Spy: Film Review
Posted on June 18, 2015
Paul Feig, director of Bridesmaids and The Heat, is back with another action-comedy starring ballsy improv comic Melissa McCarthy. Channelling the female empowerment themes of his earlier movies, Feig’s secret-agent parody, Spy, is a refreshing riot of laughs.
Self-conscious, desk-based CIA operative Susan Cooper (Melissa McCarthy) takes on her first field role when aptly named co-spy Bradley Fine (Jude Law) is killed in action. Susan’s mission is a typical one – stopping the sale of nuclear weapons – but Feig builds in oodles of suspense and exciting, subversive action. Imagine McCarthy fighting a girl ninja with a baguette or chasing down terrorists on a moped and you’ve got the gist.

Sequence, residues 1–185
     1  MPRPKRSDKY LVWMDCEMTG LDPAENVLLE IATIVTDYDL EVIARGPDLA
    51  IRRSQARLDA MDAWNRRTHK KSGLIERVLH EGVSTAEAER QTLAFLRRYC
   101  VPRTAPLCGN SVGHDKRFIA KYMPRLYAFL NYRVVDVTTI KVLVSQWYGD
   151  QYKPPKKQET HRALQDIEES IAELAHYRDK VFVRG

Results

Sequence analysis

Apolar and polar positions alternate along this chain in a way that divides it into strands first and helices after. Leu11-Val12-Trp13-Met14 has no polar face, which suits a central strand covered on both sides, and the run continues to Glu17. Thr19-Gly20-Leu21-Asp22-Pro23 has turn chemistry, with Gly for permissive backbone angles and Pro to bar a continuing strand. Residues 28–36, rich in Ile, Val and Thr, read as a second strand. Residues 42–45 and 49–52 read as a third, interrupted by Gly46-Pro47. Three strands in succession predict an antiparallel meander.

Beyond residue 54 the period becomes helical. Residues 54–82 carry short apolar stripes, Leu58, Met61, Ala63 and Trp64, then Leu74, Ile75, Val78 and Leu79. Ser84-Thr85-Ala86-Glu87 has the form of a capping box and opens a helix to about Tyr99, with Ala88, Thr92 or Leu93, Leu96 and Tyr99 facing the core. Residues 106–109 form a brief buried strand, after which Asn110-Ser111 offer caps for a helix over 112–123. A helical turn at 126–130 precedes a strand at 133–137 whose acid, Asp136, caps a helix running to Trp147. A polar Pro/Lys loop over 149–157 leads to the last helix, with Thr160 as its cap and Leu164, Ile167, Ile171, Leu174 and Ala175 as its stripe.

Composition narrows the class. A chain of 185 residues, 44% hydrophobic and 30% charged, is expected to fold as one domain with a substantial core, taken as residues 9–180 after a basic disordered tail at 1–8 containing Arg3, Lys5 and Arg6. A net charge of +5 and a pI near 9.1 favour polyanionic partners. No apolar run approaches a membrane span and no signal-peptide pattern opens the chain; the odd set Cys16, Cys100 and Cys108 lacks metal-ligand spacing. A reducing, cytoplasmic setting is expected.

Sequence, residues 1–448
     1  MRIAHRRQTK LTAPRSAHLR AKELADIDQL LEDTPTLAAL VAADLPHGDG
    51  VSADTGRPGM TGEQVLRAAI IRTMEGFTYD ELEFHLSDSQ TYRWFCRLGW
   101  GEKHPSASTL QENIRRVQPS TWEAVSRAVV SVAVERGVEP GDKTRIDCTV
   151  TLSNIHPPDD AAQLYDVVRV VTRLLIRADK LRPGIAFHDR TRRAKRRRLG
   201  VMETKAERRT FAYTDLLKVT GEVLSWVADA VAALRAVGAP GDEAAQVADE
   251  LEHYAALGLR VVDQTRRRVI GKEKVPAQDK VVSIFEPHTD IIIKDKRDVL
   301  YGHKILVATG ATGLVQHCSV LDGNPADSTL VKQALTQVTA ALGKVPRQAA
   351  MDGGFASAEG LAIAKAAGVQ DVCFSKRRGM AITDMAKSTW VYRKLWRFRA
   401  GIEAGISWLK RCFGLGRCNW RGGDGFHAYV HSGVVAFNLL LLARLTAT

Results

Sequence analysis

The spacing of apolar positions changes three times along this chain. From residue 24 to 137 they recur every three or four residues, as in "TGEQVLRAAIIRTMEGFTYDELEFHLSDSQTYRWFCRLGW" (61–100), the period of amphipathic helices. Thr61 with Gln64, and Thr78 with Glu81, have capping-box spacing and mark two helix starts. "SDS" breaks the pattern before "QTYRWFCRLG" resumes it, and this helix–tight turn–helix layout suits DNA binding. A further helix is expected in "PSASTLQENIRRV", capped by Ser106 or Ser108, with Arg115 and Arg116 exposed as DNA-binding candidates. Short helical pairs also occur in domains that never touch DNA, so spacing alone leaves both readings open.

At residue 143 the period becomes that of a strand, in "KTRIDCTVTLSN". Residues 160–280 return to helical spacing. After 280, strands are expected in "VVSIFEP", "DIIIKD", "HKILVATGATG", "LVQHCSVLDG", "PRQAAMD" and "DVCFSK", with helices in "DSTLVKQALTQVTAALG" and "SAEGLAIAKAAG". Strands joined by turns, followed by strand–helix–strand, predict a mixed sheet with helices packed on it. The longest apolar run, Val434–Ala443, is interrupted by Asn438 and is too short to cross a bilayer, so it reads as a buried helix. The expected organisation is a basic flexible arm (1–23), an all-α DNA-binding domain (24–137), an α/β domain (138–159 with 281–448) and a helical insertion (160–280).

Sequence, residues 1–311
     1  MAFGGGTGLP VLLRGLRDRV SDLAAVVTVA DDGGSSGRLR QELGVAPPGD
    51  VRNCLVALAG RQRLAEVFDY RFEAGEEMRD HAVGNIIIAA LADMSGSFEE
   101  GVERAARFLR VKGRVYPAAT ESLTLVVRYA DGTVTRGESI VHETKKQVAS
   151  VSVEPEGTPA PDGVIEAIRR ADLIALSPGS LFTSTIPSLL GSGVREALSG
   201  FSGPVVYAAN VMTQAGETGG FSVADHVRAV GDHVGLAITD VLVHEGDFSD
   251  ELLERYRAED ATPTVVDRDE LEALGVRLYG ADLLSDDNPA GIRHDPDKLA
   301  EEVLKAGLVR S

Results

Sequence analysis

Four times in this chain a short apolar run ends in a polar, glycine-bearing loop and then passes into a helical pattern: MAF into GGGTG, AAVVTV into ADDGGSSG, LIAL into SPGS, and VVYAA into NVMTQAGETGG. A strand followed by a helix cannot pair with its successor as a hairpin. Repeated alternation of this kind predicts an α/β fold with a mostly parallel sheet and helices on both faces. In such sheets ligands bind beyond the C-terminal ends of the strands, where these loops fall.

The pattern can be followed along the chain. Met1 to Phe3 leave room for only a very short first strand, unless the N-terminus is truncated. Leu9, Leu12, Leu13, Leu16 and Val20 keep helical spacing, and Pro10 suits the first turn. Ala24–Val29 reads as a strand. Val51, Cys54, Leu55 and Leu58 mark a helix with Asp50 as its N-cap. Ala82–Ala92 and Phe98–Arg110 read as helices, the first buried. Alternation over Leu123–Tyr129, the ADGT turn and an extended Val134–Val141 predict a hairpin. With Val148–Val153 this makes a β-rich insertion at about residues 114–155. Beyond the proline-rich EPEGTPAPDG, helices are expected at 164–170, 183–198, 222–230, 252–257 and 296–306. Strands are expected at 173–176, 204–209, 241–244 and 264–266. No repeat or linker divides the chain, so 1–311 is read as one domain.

Feig’s isn’t the first spy pastiche to grace this year’s multiplexes. Matthew Vaughn’s Kingsman: The Secret Service predictably gave us male-centred action-comedy with a primitive attitude to working class people. Spy is more progressive and sets about dismantling the genre’s Bond-girl stereotypes. Susan and Nancy (a brilliantly neurotic Miranda Hart) are both battling confidence issues. Their attempt to break free from the rut of invisible office work makes Spy feel like a coming of age movie for browbeaten middle-aged women.
Feig unites a dazzling A-list ensemble but McCarthy is never better than when she’s mouthing off at a bragging Jason Statham, who’s done everything from driving a car while on fire to infiltrating an underground poisoning ring. Feig wastes no time mocking the more ridiculous aspects of the spy genre and the results are hilarious.
VERDICT: ★ ★ ★ ★ 4/5
Images: 120 minutes
UK Release Date: 5 June 2015